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10 Tips for Pro Drivers

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drivers By Lewis Smith

Operating a vehicle requires a high degree of attentiveness, patience and skill. Professionals who drive commercial vans and trucks are among the most skillful on the road. It’s in no small part thanks to the first two traits – attentiveness and patience.

Over the course of a career, it’s not unheard of for a contractor to have logged over a million kilometres behind the wheel. Some professional drivers have driven for more than 1.5 million km without a traffic collision.

Weather conditions can pose interesting challenges for drivers of any experience level, however. Between snow, sleet, slush, rain, hail and freezing rain, inclement conditions make for tricky maneuvering. Add to that the unpredictable nature of some fellow drivers, and it can quickly turn into a messy endeavour.

Here are some tips for keeping yourself and your vehicle safely on the road.

A distraction is defined as anything that takes your attention off the road. This includes texting and driving, but it also runs much deeper. Avoid any activities that might reduce your attention span, including eating, grooming, reading and talking on the phone at the wheel. Even with a hands-free device, talking still requires a level of focus on the conversation that is difficult to match up with the level of attention required on the road. It’s better not to risk it. Driving is a skill that requires your full attention. You might be able to get away with being distracted in the short term, but avoiding the temptation will ensure you’ll be able to react quickly when the need is there.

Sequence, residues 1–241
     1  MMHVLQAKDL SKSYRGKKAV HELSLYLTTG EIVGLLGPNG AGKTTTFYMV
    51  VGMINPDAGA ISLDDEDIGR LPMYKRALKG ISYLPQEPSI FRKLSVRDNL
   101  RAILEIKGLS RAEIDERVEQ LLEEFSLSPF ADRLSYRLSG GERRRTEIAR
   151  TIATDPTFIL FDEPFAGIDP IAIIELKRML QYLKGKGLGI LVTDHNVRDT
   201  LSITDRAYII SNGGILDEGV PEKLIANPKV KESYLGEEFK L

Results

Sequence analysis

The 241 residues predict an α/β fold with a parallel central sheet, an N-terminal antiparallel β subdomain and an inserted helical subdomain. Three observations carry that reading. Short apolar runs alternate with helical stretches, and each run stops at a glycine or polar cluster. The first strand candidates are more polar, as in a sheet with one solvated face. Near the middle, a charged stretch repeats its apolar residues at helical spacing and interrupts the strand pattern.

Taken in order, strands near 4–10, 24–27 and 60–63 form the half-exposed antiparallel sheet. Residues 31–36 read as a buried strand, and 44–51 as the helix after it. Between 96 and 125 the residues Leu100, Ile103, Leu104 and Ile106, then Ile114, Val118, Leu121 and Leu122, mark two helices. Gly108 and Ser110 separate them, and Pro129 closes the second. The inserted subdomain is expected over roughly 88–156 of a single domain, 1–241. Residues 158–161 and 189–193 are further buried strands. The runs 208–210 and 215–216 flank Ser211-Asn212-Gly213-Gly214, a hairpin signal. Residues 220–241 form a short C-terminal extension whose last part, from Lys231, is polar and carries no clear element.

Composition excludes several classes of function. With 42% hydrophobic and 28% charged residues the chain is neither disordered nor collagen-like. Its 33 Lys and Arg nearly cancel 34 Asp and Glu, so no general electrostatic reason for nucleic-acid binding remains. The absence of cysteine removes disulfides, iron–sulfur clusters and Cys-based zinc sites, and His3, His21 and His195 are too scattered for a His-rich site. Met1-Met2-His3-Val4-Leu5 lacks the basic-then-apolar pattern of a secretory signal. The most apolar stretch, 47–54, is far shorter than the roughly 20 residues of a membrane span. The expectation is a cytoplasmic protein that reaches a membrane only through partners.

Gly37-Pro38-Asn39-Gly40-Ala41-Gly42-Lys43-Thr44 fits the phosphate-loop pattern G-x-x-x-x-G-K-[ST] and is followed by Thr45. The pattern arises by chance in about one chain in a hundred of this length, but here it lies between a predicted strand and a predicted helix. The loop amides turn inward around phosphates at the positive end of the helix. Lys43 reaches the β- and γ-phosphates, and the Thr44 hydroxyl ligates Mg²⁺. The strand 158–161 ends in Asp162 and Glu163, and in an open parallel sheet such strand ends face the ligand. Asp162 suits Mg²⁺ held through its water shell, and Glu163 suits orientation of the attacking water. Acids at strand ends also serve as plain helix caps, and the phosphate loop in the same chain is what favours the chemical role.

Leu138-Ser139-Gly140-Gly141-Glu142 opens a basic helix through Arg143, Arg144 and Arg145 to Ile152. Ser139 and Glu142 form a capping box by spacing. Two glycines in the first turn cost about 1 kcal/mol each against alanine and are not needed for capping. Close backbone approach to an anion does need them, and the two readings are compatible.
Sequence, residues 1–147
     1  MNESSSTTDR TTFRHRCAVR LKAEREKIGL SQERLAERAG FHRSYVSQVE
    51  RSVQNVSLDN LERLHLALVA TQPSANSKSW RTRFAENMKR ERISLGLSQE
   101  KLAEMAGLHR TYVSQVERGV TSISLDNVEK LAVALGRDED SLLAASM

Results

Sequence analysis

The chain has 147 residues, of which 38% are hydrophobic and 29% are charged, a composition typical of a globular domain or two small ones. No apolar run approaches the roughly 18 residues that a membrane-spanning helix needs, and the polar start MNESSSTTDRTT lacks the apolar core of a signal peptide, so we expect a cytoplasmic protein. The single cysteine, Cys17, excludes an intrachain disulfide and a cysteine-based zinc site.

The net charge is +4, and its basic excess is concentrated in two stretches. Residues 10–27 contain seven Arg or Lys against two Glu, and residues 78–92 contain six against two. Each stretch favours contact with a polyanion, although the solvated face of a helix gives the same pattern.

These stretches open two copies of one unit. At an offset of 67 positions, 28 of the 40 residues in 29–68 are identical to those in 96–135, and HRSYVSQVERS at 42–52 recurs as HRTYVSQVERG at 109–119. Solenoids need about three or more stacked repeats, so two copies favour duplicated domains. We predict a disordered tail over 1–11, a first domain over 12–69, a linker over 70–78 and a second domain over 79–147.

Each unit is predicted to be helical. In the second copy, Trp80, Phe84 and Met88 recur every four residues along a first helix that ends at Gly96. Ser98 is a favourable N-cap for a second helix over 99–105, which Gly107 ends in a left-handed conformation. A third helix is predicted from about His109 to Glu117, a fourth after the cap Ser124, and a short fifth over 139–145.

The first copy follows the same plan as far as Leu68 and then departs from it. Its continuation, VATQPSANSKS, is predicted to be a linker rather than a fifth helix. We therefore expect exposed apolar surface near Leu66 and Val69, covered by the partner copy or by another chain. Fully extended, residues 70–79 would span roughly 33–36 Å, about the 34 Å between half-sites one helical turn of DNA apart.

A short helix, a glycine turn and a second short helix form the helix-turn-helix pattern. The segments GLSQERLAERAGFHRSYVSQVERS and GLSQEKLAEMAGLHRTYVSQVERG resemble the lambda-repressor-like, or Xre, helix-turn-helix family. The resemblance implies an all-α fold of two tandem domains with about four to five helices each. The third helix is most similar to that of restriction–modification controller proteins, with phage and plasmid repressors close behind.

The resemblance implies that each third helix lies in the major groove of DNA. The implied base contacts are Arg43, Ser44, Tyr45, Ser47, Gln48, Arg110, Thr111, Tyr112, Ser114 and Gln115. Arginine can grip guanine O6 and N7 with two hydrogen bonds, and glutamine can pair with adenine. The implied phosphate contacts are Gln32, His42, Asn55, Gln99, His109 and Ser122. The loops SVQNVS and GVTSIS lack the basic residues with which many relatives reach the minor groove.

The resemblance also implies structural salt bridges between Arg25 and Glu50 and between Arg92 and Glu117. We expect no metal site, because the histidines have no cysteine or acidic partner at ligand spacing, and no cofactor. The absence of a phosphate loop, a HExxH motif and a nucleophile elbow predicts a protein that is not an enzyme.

Yes, this particular advice would seem like common sense. Yet, sadly, common sense isn’t always that common. Be sure your seatbelt is fastened snugly and securely, with both the lap and shoulder belts being used properly (i.e., not shrugged off to the side or riding too high). Aside from the safety factor – Transport Canada estimates five lives are saved for every one per cent increase in seat belt use – a snug belt also keeps you sitting upright and causes less back fatigue. When you’re driving long runs, it’s important not to neglect your comfort or musculature.

Most commercial vehicles are heavier, larger and wider than other vehicles. This can make for reduced maneuverability, which makes it that much more important that you can stop safely when the situation calls for it. Rather than waiting until the cars ahead are stopped to hit the brakes, you can take a cue from both the vehicle in front of you and the brake lights from the vehicle ahead of it. The earlier you see them beginning to stop, the more time you leave yourself to stop smoothly.

In line with the previous tip, sightlines are only effective if you’re using them well. Keep your eyes moving at least every two seconds to keep a constant scan of the space surrounding your vehicle. This will give you advance warning of situations that may require your attention, whether near or far. As you know, an emergency situation on the road can develop quickly and suddenly. Any amount of notice and preparation time you can give yourself will give you a leg up on any potential issue and better prepare you to handle it.